Cyberwarfare is an increasing risk in 2017, as state actors develop and deploy sophisticated cyber capabilities that threaten critical infrastructure and assets such as power, water, financial, information, military, and command and control networks. Over a billion user accounts and highly confidential personal records have been compromised in the past several years. Critical country infrastructure has been commandeered, for example in Iran, North Korea, Estonia, and Ukraine. Boston Global Forum (BGF) has taken note of these developing issues and has made preventing cyberwarfare a focus of its attention in 2017. BGF will develop the BGF -G7 Summit Initiative to support the Italian government, host of the 2017 G7 Summit, May 26-27 in Sicily.
Preventing cyberwarfare will require full-spectrum operations and an all-of-government approach across international organizations, and states that in the past, or on other issues, may be in competition. Diplomats will seek to make agreements that prevent cyber arms races, minor tit-for-tat strikes, and brinkmanship that could spiral out of control. Offensive cyber preparations need to be curtailed through mutually-beneficial international agreements. All government and industry sectors need to robustly increase defensive cyber capabilities.
As cyber technology develops, the risk of major power shifts in the international system will increase, all else equal. International parties need to be cognizant of the possibility of such power shifts, and take diplomatic and other measures to smooth international relations in what may be a dangerous period of transition. Preventing cyberwarfare will be a critical endeavor in 2017, and should lay the groundwork for decades of peace in the future. Boston Global Forum is at the forefront of analysis of cyberwarfare, and in 2017 will bring critical insights to its prevention and the maintenance of peace in cyberspace.
The Issue of the Year for 2016 is to Build G7 Cyber-Security Norms. Boston Global Forum (BGF) provided input to the agenda for the G7 Ise-Shima Summit.
Global Economy and Trade, Development, and Quality Infrastructure Investment were three themes of the summit. Given the importance of the Internet in all three areas, BGF encouraged the G7 to address the following actions concerning cybersecurity at the summit. These actions have as their goal to raise the general level of security in cyberspace.
Encourage the global adoption of the 2015 G20 cybersecurity norms, which include the
2015 GGE norms by reference, as the Ise-Shima Norms.
Endorse private and public efforts to improve ethical Internet behavior. The UCLA Global
Citizenship Education Program and the Boston Global Forum’s Ethical Code of Conduct
for Cyber Peace and Security are two such examples.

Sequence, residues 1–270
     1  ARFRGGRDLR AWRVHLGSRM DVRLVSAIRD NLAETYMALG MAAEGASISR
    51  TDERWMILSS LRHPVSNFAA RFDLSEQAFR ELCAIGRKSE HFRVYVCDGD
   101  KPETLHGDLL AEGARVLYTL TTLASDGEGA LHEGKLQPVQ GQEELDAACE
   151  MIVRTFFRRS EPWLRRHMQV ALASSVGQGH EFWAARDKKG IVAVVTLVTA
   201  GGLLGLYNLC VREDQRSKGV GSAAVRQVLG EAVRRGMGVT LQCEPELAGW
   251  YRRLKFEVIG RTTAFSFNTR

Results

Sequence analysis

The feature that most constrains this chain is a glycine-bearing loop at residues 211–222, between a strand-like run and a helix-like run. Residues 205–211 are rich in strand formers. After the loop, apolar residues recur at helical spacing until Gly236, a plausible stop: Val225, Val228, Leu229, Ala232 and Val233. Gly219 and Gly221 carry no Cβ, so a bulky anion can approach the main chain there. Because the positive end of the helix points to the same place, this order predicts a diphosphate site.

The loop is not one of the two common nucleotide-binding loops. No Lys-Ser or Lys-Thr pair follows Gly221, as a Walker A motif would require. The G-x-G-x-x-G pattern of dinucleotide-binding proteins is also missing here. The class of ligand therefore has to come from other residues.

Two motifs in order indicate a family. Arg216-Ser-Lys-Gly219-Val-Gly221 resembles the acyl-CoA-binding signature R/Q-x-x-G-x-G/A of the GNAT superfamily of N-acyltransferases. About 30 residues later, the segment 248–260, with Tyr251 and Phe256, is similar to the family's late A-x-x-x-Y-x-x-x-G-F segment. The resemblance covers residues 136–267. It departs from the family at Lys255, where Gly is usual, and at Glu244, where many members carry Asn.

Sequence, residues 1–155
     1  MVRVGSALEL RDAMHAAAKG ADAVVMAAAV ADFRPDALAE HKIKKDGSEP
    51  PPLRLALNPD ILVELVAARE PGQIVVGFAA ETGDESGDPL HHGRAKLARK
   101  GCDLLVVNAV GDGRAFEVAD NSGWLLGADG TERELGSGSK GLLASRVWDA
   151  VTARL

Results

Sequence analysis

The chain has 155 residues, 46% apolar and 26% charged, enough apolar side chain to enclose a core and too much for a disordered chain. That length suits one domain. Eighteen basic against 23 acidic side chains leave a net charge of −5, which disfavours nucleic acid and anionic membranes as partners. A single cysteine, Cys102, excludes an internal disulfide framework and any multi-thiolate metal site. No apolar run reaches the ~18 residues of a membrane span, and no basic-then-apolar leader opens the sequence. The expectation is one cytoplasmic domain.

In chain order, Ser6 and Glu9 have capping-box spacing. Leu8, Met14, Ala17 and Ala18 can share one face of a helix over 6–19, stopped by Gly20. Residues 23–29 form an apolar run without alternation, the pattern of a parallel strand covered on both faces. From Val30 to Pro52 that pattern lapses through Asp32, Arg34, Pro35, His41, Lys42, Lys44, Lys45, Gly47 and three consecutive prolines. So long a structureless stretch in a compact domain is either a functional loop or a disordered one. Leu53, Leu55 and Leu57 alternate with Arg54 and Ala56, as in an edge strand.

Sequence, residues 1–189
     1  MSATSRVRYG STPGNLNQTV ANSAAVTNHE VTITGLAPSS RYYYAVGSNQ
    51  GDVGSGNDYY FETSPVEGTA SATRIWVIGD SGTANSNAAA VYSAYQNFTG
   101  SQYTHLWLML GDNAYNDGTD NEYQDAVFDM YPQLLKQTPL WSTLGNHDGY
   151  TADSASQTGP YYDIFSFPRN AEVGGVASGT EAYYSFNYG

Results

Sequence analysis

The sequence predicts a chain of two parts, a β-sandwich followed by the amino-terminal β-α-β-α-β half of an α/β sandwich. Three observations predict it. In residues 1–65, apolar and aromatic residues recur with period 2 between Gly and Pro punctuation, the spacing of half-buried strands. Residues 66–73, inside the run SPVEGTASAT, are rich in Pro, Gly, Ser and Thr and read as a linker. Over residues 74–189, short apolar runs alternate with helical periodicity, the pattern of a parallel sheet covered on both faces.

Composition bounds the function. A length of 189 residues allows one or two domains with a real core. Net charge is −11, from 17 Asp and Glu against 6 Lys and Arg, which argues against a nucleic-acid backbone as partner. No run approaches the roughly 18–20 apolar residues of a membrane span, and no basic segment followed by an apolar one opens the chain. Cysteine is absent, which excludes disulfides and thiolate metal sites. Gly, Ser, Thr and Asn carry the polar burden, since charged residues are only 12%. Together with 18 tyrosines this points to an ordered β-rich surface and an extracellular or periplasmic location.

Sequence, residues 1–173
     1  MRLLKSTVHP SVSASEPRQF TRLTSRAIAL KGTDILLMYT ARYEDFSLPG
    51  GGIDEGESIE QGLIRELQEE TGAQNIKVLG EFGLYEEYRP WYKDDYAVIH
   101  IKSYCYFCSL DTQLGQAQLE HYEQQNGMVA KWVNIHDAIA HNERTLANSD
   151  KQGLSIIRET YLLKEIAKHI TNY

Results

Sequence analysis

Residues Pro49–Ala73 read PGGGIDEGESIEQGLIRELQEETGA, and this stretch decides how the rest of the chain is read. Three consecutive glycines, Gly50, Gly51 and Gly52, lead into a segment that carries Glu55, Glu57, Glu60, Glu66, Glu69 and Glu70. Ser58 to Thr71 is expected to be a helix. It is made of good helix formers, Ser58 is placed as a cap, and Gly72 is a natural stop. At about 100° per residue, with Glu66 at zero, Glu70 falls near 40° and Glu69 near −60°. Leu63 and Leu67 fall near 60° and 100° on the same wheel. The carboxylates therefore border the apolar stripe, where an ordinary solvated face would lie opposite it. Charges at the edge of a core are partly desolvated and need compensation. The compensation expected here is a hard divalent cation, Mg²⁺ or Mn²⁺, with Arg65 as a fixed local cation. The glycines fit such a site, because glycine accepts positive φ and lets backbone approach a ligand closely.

Engage vendors of cyberspace technology in the discussion of norms for responsible
Establish domestic and international centers and mechanisms designed to reduce the
risk of cyber conflict.
Encourage national cybersecurity experts to voluntarily publicize their best security
Recognize that formulation of policy concerning cyberspace technologies requires the
participation, on an equal footing, of respected academics and industry experts on the
technologies in question.
Today Boston Global Forum takes a moment to wish Joseph Nye the best of all birthdays. He has contributed his wisdom, effort and presence to make the Boston Global Forum a success, and to guide it on a path towards illuminating the world’s most pressing problems. He is here honored as a truly great member of our Board of Thinkers. We wish him an upcoming year of health, music, happiness, and continued great thought leadership.
“Global Citizenship Education in Cyber Security” Conference
I was pleased to learn from Governor Dukakis that the Boston Global Forum was convening this conference focused on cyber security.
There is a growing recognition of the importance of cyber policy to our national security, foreign policy, economy, values, and way of life. President Obama’s 2016 Presidential Policy Directive 41 on U.S. Cyber Incident Coordination marks a major milestone toward ensuring whole-of-government cooperation in case of significant cyber incidents.
We recognize that cybersecurity threats are not constrained by geographic or institutional boundaries – and thus collaboration and information sharing are essential. For this reason, I congratulate Japan on establishing the Group of Seven ( G- 7) Ise Shima Cyber Group during its leadership of the G- 7 this year. Looking beyond government, our private sector and civil society partners also have a critical role to play in helping to ensure that cyberspace remains open, interoperable, secure, and reliable.
I hope that your discussions at the conference offer constructive ways forward on this important issue.
United States Ambassador to Japan